Some of the greatest challenges in business today centre around keeping people motivated, productive and loyal. However, we live in times where a plethora of choices and digital distractions makes this more difficult than ever before. In response to this challenge, game designers have been developing incredibly powerful ways to get people to learn, stay attentive, collaborate, and stick with the task until it's done with excellence.
Marketing on Twitter is largely about influence, unless you simply want to use it as a customer service channel. You either want to co-opt people who are influential on the platform, or become influential yourself.
Some people think that influence on Twitter can be determined simply by looking at the number of followers a person has, but this is crude - you have no idea how that person grew their follower base, to what extent people actually pay attention to what they are tweeting about, or how many of their followers are active. Another approach is to survey other Twitter users in your target segment about how you or others influence them, but this will be subjective and time-consuming. So the most viable approach I've found is to use analytics tools.
One of the best Twitter analytics tools I've yet used is called Klout. It measures your influence, or "Klout" on Twitter. I found the output, the KloutScore fascinating and insightful, so I wanted to know what variables they use to get their results.
Influence on Twitter, according to Klout, can be derived from the following variables:
o How diverse is the group that @ messages you?
o Are you broadcasting or participating in conversation?
o Are your tweets interesting and informative enough to build an audience?
o How far has your content been spread across Twitter?
o How likely are you to be retweeted?
o Do a lot of people retweet you or is it always the same few followers?
o How many people did you have to follow to build your count of followers?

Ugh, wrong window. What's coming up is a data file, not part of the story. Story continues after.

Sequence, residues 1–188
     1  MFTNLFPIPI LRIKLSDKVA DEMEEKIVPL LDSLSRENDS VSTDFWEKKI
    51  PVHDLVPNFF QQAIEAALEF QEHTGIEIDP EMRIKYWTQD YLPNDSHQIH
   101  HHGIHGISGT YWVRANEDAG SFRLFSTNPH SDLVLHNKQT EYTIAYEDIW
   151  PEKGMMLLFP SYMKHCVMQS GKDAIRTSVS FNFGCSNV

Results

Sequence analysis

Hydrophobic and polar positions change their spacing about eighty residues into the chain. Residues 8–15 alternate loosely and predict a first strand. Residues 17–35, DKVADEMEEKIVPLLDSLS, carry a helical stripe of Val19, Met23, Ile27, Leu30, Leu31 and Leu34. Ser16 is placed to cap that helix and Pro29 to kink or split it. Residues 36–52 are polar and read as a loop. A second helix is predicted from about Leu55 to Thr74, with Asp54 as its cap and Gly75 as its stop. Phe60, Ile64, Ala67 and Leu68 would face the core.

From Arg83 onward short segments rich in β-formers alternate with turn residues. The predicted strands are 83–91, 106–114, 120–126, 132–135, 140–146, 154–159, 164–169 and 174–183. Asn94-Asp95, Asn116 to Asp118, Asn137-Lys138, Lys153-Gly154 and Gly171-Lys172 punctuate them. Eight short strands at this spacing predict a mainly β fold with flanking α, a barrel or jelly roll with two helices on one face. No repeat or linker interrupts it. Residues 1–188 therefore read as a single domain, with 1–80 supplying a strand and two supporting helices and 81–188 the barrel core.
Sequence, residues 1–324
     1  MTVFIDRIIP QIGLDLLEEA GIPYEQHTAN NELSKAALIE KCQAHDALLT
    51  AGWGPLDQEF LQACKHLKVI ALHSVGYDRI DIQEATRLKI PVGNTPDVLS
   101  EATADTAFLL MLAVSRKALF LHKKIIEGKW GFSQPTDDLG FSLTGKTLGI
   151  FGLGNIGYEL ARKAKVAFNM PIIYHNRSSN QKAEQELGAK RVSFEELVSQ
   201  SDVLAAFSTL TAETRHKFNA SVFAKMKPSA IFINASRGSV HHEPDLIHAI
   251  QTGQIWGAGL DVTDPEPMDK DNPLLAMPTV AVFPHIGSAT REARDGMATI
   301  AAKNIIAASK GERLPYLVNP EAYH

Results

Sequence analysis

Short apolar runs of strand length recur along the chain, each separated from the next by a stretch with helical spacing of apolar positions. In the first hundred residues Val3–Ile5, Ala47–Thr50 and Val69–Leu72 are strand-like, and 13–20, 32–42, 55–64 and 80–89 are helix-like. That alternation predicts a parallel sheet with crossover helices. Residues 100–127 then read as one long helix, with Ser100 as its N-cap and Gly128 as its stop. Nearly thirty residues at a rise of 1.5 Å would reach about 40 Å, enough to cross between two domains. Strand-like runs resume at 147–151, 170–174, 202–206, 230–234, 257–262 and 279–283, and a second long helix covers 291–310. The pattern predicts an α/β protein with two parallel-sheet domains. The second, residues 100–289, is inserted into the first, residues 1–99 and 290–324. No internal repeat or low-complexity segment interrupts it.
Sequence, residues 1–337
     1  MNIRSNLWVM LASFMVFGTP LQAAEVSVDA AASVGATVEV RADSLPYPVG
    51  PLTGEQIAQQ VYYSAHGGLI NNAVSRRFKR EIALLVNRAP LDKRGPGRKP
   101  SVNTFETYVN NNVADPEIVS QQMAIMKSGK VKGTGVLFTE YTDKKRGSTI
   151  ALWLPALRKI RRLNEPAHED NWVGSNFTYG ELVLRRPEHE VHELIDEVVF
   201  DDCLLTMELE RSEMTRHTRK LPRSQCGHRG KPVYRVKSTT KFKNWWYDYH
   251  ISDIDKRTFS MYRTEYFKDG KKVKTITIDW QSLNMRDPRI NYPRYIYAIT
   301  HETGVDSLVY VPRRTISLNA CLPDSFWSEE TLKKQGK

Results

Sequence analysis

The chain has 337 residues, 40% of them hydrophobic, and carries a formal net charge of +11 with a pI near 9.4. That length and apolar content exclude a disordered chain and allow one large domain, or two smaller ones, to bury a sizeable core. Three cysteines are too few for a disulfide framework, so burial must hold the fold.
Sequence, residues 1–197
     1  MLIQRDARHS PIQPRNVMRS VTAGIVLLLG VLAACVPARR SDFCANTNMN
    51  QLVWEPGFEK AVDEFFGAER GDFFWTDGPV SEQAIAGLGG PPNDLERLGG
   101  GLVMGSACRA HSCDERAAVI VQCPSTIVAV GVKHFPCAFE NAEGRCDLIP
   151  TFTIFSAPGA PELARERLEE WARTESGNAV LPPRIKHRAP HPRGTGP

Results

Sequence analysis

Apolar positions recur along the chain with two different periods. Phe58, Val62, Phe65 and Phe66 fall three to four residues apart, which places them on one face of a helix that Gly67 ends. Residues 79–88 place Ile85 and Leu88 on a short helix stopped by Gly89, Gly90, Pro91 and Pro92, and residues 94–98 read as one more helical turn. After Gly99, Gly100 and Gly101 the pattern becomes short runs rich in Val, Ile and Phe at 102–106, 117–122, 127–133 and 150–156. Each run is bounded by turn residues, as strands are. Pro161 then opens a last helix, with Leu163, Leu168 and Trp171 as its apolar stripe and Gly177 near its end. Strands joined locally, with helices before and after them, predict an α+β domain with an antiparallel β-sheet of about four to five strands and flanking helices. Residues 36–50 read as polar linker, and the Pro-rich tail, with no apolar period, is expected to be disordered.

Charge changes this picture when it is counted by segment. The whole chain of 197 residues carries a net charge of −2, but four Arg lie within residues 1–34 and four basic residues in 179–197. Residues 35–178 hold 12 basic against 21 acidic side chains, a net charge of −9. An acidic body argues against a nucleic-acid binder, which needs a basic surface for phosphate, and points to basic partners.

o Are your follows often reciprocated?
o How influential are the people who @ message you?
o How influential are the people that retweet you?
o Are you tweeting too little or too much for your audience?
o Are your tweets effective in generating new followers, retweets and @ replies?
So, you may be wondering how you can raise your level of influence. Well, according to Klout, it's simple:
Just use Twitter on a regular basis, say interesting things and engage with people and your score will inevitably start to go up.
To that I'd also add: use Twitter analysis tools to help you understand where you could perform better!
Mike Stopforth often speaks of a concept called Guerilla Kindness. There's not much about it online though, so I thought I'd spark the conversation.
Guerilla Kindness is an ongoing strategic approach undertaken by a company to surprise and delight people in the hope of creating a great story associated with the experience to pass on to their peers, and hopefully mention online.
- Graham from Missing Link was sent a toy car by the call-centre agent at Outsurance when he crashed his car. He blogged about it, and many a reader of his blog (including me) was impressed by the remarkable courtesy and good humour displayed by the insurer.
- Aston Martin gave Mike the keys to a DB9 for a day after he wrote an article mentioning the vehicle. He subsequently blogged the experience, the post was picked up by some major sites and over 50 000 people read it. As a result and I'm sure quite a few of those have grown their appreciation for the company and its cars (I have).
- An idea might be to organize a flashmob to clean up a really messy city street in an instant; paint an ugly building; plant a few hundred trees or organise fabulous suprises for random clients.
- The idea is not to brand the act, nor to publicize it yourself.
- Your intentions should be good, and hopefully someone will mention it of their own accord (that's how things work in the blogosphere and the world of Social Currency)
In other words it refers to random acts of kindness that are:
- Unexpected, and
(Drink from the CUP of kindness :-p)
By the way, the more money you spend, the less it is trusted. Use some energy, thoughtfulness and time instead.
It's a fun idea. I'm already working on my company's Guerilla Kindess strategy for 2008.